Athelstaneford: The Battle, the Cross and the ‘Book Nook’

athelstaneford (Images: Kim Traynor (left) cc-sa-3.0; Urban Ghosts)

The village of Athelstaneford, about 20 miles east of Edinburgh, is noticeable primarily for its pretty church, characteristic Scottish cottages and traditional red telephone kiosk, which now serves as the local book exchange, or ‘Book Nook‘.

athelstaneford-book-exchange (Images: Urban Ghosts)

Unlike many adopted telephone boxes turned into libraries, toilets, or snapped-up by collectors, the example at Athelstaneford is still a working phone. Meanwhile, this small village also boasts an important place in popular Scottish culture.


Legend has it that the Scottish Saltire, also known as St Andrew’s Cross, was first adopted at Athelstaneford, following a battle between an army of Picts and invading Angles from Northumbria in 832 AD.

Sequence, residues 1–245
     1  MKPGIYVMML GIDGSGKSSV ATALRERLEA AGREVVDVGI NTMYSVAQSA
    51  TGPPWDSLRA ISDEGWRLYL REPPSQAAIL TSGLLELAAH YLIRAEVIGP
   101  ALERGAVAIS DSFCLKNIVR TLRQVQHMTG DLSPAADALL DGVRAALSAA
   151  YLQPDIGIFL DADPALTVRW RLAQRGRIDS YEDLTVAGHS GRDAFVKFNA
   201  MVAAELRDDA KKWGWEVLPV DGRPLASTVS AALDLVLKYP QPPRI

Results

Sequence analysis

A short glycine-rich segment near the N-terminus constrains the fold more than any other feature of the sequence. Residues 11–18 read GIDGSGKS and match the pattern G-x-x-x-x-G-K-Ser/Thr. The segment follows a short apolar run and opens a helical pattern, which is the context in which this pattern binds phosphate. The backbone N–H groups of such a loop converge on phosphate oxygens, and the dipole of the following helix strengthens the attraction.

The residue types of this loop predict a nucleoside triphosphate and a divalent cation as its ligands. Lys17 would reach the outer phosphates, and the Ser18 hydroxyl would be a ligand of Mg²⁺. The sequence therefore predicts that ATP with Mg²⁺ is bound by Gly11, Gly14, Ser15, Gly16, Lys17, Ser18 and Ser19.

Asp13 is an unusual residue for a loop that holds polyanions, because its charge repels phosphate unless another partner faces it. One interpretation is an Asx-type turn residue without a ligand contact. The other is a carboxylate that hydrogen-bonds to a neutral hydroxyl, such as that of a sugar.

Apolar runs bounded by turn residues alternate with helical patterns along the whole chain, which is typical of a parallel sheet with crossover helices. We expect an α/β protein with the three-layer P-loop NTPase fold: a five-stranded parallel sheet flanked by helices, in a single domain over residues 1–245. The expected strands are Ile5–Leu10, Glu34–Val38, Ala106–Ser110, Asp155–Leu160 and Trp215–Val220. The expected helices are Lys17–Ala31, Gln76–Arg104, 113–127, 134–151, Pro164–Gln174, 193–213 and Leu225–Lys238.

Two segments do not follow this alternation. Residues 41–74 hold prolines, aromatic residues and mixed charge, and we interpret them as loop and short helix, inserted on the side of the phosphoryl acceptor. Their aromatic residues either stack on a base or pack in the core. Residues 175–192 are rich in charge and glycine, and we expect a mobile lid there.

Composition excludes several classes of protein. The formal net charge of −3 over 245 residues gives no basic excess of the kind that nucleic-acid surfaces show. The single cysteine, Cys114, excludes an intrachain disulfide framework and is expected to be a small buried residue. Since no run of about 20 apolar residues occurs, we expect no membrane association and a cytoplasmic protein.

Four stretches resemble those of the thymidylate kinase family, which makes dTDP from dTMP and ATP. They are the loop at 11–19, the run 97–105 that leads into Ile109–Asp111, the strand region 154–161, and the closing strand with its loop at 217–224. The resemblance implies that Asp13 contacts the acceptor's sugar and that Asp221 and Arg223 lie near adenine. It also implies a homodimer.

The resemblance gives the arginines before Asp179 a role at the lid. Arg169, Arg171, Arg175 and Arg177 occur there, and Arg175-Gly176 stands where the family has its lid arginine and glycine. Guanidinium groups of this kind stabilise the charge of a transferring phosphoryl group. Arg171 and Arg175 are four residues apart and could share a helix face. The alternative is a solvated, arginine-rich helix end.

st-andrews-cross-saltire (Images: Wikipedia; Kbolino; public domain)

St Andrew, who was crucified on a diagonal cross, is said to have appeared on the eve of battle to Pictish King Ă“engus II promising victory. Athelstan, the leader of the Angles, was duly slain at a nearby river crossing, giving rise to the name Athelstaneford. The Picts attributed victory to St Andrew’s intervention and adopted his form of the cross as their flag.

Nigel Tranter, the author and prominent supporter of the Scottish Flag Trust, was married at the village kirk. In 2008 a permanent exhibition of his memorabilia was displayed in the north transept.



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